Links are an important component in an
online marketing campaign. Websites usually need a significant
number of quality links to perform well in organic search
rankings. Once upon a time, high-quality links were
plentiful. But with the growth of the web, and an ever-increasing
number of competing websites, garnering link love and
attention is a time-consuming and tedious process.
There are 4 different types of links
that webmasters can work to obtain...
1. One-Way Links
A one-way link is a hyperlink from one
website to another. For example, Website A links to
Undeniably, these are the best kind of
links for a website to have, albeit the most difficult
type of link to obtain. A website will usually need
to contain unique and compelling content in order for
another website to link to it without any payment or
reciprocal returning link.
2. Reciprocal Links
Reciprocal links are when two websites
exchange links. For example, Website A links to Website
B; and Website B links to Website A.
The value of reciprocal links is questionable,
as you are essentially 'trading' links. Some search
engines track the link patterns, and consider reciprocal
links as "exchanges". Many webmasters believe that search
engines place a lower value on reciprocal links than
for one-way links, which is why their value is questionable.
3. Paid Links
Paid links are just that: links that are
purchased. For example, Website A gives $ to Website
B; then Website B links to Website A.
Compensatory links range from purchased
text links to pay-per-click links, where a webmaster
pays for clicks that are generated from the link. The
upside to paid links is that they are not difficult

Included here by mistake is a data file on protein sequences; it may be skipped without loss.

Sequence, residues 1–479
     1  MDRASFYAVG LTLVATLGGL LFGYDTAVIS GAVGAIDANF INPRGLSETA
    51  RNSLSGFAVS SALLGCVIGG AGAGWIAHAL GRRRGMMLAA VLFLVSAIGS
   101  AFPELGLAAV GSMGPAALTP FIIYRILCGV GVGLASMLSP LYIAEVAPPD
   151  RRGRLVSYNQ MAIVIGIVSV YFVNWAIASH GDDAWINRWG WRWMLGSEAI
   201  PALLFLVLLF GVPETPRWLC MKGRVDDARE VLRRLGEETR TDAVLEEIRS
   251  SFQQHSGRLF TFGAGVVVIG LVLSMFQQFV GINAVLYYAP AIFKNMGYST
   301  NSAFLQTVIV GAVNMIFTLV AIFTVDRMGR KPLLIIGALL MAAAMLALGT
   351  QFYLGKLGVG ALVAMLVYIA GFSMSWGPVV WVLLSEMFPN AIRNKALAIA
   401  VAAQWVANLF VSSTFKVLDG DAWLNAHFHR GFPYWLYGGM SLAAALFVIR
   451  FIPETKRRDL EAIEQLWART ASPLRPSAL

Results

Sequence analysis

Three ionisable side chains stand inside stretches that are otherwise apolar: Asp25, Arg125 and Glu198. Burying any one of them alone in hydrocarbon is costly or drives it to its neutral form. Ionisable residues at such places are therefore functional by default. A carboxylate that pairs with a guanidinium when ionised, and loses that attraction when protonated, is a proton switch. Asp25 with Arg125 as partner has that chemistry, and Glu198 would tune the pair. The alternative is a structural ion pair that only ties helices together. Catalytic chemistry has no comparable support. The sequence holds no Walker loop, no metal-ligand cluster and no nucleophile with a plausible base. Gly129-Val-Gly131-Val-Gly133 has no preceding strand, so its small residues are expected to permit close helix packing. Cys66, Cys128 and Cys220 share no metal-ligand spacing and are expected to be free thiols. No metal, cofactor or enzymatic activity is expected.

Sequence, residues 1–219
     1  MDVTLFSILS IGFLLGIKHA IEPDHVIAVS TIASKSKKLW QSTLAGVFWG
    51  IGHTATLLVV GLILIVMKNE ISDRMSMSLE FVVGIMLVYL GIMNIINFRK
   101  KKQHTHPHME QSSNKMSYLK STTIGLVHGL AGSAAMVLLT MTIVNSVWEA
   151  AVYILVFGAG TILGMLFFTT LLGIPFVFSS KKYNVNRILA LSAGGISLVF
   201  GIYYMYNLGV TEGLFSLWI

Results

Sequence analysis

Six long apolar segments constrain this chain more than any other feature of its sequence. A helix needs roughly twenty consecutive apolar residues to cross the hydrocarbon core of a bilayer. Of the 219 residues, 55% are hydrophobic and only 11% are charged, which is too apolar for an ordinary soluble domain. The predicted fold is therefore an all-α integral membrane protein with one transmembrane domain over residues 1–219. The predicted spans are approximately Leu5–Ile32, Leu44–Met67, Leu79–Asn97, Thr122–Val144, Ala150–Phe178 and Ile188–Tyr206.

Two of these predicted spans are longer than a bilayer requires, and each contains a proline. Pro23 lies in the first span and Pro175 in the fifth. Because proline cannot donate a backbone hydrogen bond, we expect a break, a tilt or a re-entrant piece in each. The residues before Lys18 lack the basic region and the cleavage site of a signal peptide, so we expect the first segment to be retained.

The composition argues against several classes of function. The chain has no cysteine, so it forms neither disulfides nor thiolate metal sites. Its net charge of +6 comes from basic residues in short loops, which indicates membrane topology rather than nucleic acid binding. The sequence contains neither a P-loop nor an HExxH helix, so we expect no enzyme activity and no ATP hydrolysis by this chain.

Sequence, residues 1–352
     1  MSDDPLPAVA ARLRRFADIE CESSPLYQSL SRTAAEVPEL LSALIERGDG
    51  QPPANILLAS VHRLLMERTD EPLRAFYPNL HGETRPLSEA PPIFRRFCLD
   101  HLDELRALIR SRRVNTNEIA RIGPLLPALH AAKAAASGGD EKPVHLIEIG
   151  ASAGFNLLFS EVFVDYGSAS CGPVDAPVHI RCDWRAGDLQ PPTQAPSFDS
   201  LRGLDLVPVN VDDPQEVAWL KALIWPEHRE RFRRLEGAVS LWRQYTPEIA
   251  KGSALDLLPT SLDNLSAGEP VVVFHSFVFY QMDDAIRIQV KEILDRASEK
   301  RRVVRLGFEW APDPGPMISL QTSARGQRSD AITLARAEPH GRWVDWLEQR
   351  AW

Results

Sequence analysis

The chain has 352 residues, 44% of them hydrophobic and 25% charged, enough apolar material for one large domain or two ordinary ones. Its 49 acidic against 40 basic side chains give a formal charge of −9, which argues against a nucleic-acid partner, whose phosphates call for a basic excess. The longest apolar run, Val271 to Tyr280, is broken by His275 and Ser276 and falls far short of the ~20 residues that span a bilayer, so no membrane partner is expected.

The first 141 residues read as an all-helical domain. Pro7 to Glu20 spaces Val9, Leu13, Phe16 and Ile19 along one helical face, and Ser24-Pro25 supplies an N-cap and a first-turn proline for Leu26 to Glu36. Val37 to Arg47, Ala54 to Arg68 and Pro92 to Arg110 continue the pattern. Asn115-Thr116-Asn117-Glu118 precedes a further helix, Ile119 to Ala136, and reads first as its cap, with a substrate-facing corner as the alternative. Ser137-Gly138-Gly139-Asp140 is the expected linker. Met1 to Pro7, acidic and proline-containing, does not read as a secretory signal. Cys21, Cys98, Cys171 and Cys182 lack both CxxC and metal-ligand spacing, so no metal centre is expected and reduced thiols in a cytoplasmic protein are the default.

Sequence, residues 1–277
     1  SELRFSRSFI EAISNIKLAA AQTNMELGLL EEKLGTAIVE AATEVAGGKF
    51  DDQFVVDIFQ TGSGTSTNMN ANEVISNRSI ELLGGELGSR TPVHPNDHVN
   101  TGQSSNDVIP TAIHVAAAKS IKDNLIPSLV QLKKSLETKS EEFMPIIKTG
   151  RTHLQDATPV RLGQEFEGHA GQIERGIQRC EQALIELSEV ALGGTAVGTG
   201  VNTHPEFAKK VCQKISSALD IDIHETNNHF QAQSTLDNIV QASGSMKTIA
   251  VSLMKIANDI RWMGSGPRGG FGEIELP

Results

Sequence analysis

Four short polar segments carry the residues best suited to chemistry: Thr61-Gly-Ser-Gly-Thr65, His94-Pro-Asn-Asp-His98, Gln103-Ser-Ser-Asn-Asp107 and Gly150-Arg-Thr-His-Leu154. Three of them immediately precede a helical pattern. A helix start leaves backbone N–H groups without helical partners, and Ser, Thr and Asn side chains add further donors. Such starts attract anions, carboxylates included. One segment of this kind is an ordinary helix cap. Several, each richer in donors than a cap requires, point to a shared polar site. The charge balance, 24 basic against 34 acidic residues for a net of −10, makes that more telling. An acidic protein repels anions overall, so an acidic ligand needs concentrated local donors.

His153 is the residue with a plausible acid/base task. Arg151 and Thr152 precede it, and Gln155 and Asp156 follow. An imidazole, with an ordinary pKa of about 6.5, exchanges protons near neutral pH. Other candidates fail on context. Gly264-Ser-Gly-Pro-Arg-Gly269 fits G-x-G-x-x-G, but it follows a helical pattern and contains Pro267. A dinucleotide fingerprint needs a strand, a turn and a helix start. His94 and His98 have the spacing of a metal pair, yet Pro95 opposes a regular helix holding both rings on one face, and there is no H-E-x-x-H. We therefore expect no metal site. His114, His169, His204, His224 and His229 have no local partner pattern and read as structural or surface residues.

to obtain if you are willing to pay. You can also control
the rate in which the links increase, and how long the
paid links last. The downside is that major search engines
discourage webmasters from purchasing text links outright
(most search engines accept pay-per-click links). In
fact, if a search engine suspects that a website is
trying to "buy" their way to the top of their organic
rankings by manipulating the number of websites linking
to a webpage, they may ban the website from the search
4. Network Links (3-Way)
Network links are links that are triangulated.
For example, Website A links to Website B; Website B
links to Website C; and Website C links to Website A.
Network links are an expansion of link
exchanges, and generally make it more difficult for
a search engine to discern the link patterns. As a result,
search engines may assess the value of network links
as one-way links rather than the reciprocal links that
they really are. Excessive use of network links can
be more easily identified by search engines.
Most webmasters incorporate all the link
types into their linking strategy.
About the Author:
Sharon Housley manages marketing for FeedForAll Feed
Editor software for creating, editing, publishing
RSS feeds and podcasts. In addition Sharon manages marketing
for RecordForAll audio
recording and editing software.